I have never missed my family and friends as much as I am now after moving almost 850 kilometers away from the place I call home. The reason it hit me so unexpectedly is because of who I am – or thought I was.
Ever since I was a little kid, I was quite independent and very responsible. I would take care of everything and everyone, especially myself. Therefore, it was not surprising for my loved ones when I announced at the age of 13 or 14 that I was going to move from Poland.
My first idea was to go as far as possible. Go to the USA, the UK, anywhere else but my home country.
However, I settled on Denmark and was working extremely hard toward achieving my teenage goal.
I became the person that everyone in my surroundings knew was leaving to study abroad for university.
Thus no one suspected (including me) that I could experience the feeling of homesickness even mildly.
Surprisingly, it hit me two weeks after moving countries. I was going to the supermarket to just do grocery shopping. Seems like an easy errand. However, something in my brain connected it to the feeling of home and I could feel tears running down my cheeks.
I could not understand why seeing a lady with little children shopping made me cry my eyes out in front of a store. The truth was it made me miss my mom, my childhood, and our time together.
And it was not crazy trips or anything out of the ordinary that I was longing for but those simple moments of us picking the food for the busy week ahead. Suddenly at that moment the loneliness just hit me as well as the realization that childhood as I knew it is over.
I missed the voices of members of my family and worst of all the fear of missing out. I felt that I am not a part of their everyday routines anymore
But is it all negative? Are we doomed to be unhappy as we enter our adult realities once we move out from the place we grew up in? The pessimistic train of thought led the way for a long time in my head.
For the first few weeks, I was considering going back home. Lonely meals without the loud bunch of people who want to hear about your day and help you through stressful situations. I missed the voices of members of my family and worst of all the fear of missing out. I felt that I am not a part of their everyday routines anymore.
I knew that I am going to miss my sister’s academic successes and failures, my brother scoring in a football match or my parents’ achieving their career goals. It scared me and still often does.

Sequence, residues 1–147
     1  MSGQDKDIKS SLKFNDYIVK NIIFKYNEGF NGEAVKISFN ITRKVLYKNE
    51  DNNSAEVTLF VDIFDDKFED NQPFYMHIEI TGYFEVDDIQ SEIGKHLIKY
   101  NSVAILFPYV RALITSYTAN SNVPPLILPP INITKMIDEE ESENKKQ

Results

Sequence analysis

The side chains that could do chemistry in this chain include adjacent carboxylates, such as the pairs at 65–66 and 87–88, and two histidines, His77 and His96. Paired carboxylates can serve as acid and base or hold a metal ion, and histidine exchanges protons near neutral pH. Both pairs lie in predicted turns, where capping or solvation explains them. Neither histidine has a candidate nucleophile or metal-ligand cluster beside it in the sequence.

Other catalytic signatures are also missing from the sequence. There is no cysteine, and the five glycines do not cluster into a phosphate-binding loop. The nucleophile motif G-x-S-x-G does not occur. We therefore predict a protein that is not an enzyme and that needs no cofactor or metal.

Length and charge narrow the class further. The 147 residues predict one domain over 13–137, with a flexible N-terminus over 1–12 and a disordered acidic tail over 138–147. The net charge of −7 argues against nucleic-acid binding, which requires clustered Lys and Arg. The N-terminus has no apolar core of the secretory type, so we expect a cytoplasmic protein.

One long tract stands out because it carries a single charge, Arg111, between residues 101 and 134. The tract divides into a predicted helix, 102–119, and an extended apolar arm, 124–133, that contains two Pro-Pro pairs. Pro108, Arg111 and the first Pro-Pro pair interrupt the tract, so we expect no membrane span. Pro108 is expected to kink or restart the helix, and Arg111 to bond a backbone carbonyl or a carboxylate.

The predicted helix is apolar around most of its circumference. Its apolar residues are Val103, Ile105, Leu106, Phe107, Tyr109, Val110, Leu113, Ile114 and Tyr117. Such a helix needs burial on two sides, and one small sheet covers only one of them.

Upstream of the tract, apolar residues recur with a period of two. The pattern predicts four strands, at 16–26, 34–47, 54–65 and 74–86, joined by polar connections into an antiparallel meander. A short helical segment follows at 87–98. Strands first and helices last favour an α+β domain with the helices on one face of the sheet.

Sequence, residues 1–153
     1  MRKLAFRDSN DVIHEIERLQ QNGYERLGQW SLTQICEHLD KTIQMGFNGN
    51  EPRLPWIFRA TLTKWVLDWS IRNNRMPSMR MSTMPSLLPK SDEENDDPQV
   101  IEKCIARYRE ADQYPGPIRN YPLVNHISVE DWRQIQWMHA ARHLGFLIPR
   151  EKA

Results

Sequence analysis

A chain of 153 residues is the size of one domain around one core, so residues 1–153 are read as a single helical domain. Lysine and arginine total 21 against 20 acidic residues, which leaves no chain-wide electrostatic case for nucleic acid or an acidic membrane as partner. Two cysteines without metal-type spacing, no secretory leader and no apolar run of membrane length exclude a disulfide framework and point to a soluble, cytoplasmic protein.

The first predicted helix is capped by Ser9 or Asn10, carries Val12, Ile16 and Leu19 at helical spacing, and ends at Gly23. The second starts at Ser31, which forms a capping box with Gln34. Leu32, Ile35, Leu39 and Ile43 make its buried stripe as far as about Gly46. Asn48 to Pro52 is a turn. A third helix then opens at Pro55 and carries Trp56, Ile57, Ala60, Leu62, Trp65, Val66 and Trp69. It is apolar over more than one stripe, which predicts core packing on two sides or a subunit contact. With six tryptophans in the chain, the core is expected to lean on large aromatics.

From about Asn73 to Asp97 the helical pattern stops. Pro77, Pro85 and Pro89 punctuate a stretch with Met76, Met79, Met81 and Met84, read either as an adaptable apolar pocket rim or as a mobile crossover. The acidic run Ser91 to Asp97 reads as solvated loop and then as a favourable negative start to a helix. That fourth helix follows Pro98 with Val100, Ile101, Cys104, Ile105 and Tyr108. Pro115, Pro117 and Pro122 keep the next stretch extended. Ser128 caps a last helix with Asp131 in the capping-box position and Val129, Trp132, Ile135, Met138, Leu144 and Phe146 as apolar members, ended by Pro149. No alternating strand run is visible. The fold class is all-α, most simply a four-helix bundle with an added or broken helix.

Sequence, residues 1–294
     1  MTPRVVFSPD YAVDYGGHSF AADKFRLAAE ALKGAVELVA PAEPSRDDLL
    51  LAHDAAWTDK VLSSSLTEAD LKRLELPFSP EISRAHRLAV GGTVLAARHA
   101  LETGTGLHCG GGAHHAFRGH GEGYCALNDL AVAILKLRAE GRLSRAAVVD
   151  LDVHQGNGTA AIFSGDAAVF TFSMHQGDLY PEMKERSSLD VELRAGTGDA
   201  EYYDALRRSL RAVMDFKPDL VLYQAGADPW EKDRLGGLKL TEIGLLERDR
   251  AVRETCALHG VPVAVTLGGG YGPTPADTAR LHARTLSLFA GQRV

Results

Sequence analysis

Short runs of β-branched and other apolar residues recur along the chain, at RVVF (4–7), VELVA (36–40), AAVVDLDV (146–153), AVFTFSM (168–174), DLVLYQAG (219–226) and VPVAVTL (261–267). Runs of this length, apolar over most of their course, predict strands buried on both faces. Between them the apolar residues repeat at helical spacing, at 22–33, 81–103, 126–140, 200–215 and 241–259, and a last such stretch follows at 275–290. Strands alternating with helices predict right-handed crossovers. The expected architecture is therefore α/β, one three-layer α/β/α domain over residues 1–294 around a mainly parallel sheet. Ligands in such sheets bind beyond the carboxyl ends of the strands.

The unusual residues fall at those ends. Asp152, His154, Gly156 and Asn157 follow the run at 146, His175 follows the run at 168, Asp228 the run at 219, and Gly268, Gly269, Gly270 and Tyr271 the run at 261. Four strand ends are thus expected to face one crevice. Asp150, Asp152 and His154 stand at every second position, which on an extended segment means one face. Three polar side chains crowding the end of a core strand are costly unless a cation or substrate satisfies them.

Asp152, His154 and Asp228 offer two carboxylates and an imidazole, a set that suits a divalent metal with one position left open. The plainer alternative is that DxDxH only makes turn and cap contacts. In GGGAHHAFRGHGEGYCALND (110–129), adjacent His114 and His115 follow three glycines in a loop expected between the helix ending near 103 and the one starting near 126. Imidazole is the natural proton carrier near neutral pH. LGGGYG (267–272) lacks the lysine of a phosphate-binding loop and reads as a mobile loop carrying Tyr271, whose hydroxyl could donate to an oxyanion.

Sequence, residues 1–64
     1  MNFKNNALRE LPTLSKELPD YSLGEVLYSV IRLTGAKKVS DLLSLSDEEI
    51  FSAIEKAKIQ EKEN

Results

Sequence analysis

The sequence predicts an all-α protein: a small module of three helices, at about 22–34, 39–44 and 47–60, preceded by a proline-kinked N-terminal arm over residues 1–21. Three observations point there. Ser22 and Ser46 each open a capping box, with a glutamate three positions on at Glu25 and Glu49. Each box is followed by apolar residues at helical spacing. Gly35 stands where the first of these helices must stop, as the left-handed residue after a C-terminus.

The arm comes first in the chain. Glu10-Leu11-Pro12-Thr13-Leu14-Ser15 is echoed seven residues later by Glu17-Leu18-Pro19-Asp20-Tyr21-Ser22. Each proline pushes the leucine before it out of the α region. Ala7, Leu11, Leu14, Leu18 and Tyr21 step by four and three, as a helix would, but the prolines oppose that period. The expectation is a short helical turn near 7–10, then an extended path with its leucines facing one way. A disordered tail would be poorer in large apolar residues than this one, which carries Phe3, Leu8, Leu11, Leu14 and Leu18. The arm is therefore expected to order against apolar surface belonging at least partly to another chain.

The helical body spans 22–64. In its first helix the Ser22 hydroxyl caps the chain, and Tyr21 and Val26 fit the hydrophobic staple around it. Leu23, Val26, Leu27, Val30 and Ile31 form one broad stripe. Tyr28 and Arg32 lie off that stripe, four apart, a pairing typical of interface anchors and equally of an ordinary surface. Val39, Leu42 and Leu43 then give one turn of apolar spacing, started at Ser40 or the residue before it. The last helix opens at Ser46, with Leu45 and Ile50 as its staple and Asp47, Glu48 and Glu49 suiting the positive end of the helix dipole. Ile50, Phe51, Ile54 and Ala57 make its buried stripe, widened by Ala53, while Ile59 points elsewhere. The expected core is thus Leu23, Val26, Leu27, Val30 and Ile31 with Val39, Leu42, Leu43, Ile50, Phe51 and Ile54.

But now I try to overcome my fear on an everyday basis because I am so lucky to live and study in a different country with so many opportunities.
The school that I have chosen here provides me with high-quality education and people here prioritize their well-being, because of the famous hygge, which taught me a lot about taking care of my comfort.
And of course, Copenhagen itself is an amazing city with rich cultural institutions, wonderful places to go, and architectural beauty, which makes up even for the atmospheric conditions at times.
What else helped me through all the sadness and loneliness?
Honest conversations with your loved ones I think are the key. Don’t be afraid to admit your feelings and fears. Their understanding and warm words of encouragement may get you through some of the tougher moments despite the lack of everyday contact you were used to.
A lot of people, including me, say that once you move away from your parents, that this relationship improves. Lack of control and responsibilities gives young people more freedom, and their absence at home gives parents less irritation, maybe. Take advantage of that!
Now you have a new chapter with the people that are the closest to you. Be more communicative and open. This can help you to get closer, which will simultaneously minimalize the effect of the distance between you.
But do not limit yourself to the people back home. Start creating a new version of your support system in a new place. Talk to friends you are able to meet at school – especially those who have similar feelings. I was lucky enough to have a big group of international students in my course.
Talking to them made me realize that I am not alone,which is the most suffocating feeling during this time. But the truth is that most of us felt uncomfortable in the new city, out of place, and had adjusted to new surroundings.
Moreover, there are so many social organizations, consisting of people from different parts of the world,that can help with the hard process of creating new friendships or simply just reducing yourfear or loneliness.
I appreciate this place more, as well as the people I have met here who have truly made me believe that I can call Copenhagen my new home
Sharing your experiences with homesickness can bring you closer together and may help overcome the struggles of being alone in a new city.
At this point, after one semester of living in a different country, I concluded that the most important part of creating a feeling of a home far away from family and friends is time.
Month by month, week by week I feel less sad about leaving Poland and my life there. Instead, I’m experiencing growing happiness and satisfaction in choosing to live and study here. I appreciate this place more, as well as the people I have met here who have truly made me believe that I can call Copenhagen my new home.